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AutorenRiedmann, Agnes; White, Lynn
TitelAdult Sibling Relationships: Racial and Ethnic Comparisons.
QuelleIn: Advances in Applied Developmental Psychology, 10 (1996), S.105-126 (27 Seiten)    Verfügbarkeit 
Spracheenglisch
Dokumenttypgedruckt; Zeitschriftenaufsatz
SchlagwörterAdults; Asian Americans; Blacks; Context Effect; Cultural Influences; Ethnic Groups; Ethnology; Family Environment; Family Size; Hispanic Americans; Minority Group Influences; Racial Differences; Racial Factors; Sibling Relationship; Siblings; Whites
AbstractScholars have argued that siblings are ideally suited to provide social support, but there is little research concerning the level of social support provided by siblings, or whether this form of extended-family support is more or less available in minority families. This study examined racial and ethnic differences in sibling relationships for what they can reveal about the strength of the laterally extended family. It reviewed theory and research on the extended family among majority and minority populations, and then used a large national data set to compare an aspect of the extended family--adult sibling relationships--among African-, Hispanic-, Asian-, and non-Hispanic white Americans. Sibling relationships were assessed on four dimensions: coresidence, contact, actual exchange, and potential support. Results provided no consistent evidence that one race/ethnic group has stronger sibling ties than any other. Rather, there seemed to be significant differences across groups in the form that sibling solidarity takes. The strength of the Hispanic- and African American sibship was a greater willingness to take siblings into their home. Asian Americans were distinguished by a greater willingness to call on siblings despite distance, and non-Hispanic whites were distinguished by relatively high levels of actual exchange of social support. (Contains 25 references.) (SD)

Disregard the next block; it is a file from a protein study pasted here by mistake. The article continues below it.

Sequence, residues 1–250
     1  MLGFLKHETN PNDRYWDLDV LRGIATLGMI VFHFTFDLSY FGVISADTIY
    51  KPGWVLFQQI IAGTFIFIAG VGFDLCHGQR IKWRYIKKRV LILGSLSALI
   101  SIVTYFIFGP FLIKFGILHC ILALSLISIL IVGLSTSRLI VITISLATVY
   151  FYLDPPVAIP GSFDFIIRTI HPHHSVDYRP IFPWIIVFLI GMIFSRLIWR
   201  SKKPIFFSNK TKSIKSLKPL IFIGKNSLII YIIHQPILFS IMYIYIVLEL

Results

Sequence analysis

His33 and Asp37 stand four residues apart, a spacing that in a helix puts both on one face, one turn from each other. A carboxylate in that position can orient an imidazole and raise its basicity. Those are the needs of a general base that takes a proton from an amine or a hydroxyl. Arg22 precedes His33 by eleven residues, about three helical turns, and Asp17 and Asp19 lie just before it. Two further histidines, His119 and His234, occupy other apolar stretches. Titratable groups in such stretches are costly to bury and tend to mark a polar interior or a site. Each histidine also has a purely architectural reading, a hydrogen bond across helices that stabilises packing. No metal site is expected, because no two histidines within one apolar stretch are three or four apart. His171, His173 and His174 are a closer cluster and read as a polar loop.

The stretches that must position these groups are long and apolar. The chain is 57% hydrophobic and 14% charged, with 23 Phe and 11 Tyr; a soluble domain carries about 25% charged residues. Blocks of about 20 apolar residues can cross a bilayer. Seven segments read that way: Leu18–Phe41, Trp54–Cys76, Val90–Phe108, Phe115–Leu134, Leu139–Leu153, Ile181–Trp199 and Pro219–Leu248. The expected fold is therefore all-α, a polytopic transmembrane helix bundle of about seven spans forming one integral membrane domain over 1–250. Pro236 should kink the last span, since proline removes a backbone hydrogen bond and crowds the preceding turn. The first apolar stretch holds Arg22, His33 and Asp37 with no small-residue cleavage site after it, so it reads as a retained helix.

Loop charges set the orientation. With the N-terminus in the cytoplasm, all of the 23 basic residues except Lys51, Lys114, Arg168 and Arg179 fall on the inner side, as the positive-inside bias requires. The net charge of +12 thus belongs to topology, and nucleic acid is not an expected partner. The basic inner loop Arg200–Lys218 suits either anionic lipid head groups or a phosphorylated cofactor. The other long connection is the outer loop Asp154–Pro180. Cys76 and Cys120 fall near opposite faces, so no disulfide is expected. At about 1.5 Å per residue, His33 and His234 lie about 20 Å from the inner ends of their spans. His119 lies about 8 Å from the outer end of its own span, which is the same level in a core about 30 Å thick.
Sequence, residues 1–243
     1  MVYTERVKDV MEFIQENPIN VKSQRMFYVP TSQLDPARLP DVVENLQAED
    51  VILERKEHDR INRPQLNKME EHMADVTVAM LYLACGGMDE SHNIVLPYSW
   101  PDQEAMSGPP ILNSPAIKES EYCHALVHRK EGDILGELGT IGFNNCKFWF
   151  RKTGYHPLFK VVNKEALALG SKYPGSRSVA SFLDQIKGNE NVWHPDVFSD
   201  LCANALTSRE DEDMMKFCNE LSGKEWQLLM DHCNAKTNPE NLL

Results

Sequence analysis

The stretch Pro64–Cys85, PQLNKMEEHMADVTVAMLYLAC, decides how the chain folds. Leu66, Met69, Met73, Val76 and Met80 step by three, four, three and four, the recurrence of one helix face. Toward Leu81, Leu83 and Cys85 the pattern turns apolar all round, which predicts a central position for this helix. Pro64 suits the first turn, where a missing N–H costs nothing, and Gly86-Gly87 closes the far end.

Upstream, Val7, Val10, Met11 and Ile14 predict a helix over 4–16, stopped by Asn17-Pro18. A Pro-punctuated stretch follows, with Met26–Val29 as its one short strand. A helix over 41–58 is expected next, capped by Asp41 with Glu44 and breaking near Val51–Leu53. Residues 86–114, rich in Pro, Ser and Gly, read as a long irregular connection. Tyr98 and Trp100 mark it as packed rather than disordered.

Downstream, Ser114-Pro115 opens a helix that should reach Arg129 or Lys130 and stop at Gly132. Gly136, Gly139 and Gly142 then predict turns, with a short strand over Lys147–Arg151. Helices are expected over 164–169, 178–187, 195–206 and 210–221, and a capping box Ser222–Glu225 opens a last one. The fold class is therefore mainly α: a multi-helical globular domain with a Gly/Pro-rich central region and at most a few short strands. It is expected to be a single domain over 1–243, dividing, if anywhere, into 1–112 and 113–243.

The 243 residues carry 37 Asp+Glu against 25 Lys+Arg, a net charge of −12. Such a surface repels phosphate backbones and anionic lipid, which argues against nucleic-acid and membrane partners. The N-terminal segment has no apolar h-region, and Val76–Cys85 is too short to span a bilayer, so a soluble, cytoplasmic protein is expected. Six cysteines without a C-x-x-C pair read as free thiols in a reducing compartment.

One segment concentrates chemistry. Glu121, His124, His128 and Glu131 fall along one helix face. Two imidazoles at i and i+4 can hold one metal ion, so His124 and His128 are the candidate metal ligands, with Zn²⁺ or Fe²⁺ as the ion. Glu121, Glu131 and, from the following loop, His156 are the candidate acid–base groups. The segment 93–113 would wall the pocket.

Erfasst vonERIC (Education Resources Information Center), Washington, DC
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